So effectively, you could purchase 5 x paintings at $30,000 each & have something to show for $150,000 taxable amount owing. No better time to invest in an art collection! Read more HERE by arts accountant specialist & valuer, Michael Fox regarding the recent ATO updates.

Above: Artwork by painter Michael Whitehead, Manuscript, 2018, Mixed Media on Linen, 180 x 210cm. Price on Application: art@thierrybfineart.com

Above: Artwork by painter Michael Whitehead, H, 2018, Mixed Media on Linen, 180 x 210cm. Price on Application: art@thierrybfineart.com


Above: Artwork by Patricia Heaslip, Walk In Silence, Oil on Canvas, 122 x 122cm. Price on Application: art@thierrybfineart.com

 

Above: Artwork by Thierry B., Nuanced, 2018 – Dreamscape series, Synthetic Polymer Paint on Canvas, 122 x 183cm. Price on Application: art@thierrybfineart.com


Above: Artwork by Thierry B., Fairytale, 2018 Dreamscape Series, Synthetic Polymer Paint on Linen, 152 x 122cm. Price on Application: art@thierrybfineart.com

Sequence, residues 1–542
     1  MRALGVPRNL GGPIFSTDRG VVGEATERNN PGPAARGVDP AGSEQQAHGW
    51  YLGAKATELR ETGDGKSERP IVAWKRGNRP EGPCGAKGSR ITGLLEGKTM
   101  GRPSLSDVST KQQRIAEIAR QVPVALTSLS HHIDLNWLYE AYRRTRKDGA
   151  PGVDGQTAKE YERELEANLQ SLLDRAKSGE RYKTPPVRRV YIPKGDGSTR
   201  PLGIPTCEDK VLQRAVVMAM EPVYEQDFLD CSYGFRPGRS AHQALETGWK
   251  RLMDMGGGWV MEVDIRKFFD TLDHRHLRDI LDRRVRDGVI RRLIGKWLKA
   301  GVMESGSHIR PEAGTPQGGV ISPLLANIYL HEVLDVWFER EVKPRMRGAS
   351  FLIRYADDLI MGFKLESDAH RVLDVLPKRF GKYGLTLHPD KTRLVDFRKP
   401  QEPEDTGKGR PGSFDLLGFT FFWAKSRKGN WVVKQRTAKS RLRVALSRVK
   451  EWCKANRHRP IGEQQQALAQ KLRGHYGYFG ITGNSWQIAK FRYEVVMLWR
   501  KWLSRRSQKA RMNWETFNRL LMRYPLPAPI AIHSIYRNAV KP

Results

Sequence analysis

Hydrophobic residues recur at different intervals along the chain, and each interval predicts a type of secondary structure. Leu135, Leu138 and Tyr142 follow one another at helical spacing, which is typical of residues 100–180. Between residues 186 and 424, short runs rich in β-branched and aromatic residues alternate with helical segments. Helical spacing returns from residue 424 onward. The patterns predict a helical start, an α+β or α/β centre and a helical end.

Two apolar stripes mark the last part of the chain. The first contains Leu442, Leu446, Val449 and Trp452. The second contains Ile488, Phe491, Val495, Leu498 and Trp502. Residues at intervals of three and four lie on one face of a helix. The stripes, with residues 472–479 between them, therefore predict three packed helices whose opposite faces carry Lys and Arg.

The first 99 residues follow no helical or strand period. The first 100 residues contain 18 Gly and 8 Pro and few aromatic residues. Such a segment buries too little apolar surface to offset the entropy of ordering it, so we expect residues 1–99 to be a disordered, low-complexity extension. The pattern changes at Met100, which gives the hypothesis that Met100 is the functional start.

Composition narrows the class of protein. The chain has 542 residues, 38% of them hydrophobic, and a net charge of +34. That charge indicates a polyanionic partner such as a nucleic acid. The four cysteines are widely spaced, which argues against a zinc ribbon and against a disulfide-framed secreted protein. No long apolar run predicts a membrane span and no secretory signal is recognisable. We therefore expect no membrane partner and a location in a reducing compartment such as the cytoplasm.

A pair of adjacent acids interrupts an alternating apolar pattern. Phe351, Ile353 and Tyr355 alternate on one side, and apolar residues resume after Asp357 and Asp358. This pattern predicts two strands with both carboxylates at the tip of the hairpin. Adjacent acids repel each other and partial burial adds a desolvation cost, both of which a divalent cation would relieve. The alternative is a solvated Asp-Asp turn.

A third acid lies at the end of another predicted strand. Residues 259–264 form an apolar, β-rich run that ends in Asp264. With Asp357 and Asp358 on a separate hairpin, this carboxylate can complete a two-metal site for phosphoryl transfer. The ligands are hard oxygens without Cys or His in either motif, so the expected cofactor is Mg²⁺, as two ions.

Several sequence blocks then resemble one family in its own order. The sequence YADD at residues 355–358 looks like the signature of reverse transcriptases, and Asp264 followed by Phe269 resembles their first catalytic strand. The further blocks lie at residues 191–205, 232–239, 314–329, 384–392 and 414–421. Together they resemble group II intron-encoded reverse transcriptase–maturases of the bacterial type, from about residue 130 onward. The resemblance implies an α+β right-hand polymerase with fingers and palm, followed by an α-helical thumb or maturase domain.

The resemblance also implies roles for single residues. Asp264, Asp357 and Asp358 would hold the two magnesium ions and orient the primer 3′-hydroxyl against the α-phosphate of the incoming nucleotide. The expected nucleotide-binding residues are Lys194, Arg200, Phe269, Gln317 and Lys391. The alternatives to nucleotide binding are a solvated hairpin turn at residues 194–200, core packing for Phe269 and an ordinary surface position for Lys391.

Above: Artwork by Wilson LinThe Things We Do For Love, Fractal Series, Synthetic Polymer Paint on Canvas, 183 x 274.5cm (triptych). Price on Application: art@thierrybfineart.com

Above: Artwork by Wilson LinFresh Strike, 2018, Fractal Series, Synthetic Polymer Paint on Canvas, 170 x 250cm. Price on Application: art@thierrybfineart.com

 

Above: Artwork by Thierry B., Mindful Moments, 2018 Dreamscape Series, Synthetic Polymer Paint on Linen, 152 x 122cm. Price on Application: art@thierrybfineart.com

 

Above: Artwork by Patricia Heaslip, Landlines, Oil on Linen, 183 X 183cm. Price on Application: art@thierrybfineart.com


Above: Artwork by Thierry B., Entanglement, 2018 Coral Series, Synthetic Polymer Paint on Linen, 152 x 122cm. Price on Application: art@thierrybfineart.com

 

Above: Artwork by Thierry B.,Voyage, 2018,Synthetic Polymer Paint on Linen, 122 x 91.5cm. Price on Application: art@thierrybfineart.com

Above: Artwork by Thierry B.,The Deep Blue, 2018, Synthetic Polymer Paint on Linen, 183 x 183cm. Price on Application: art@thierrybfineart.com

Above: Artwork by Thierry B.Starling Zen-sation, 2016,Synthetic Polymer Paint on Linen, 183 x 183cm. Price on Application: art@thierrybfineart.com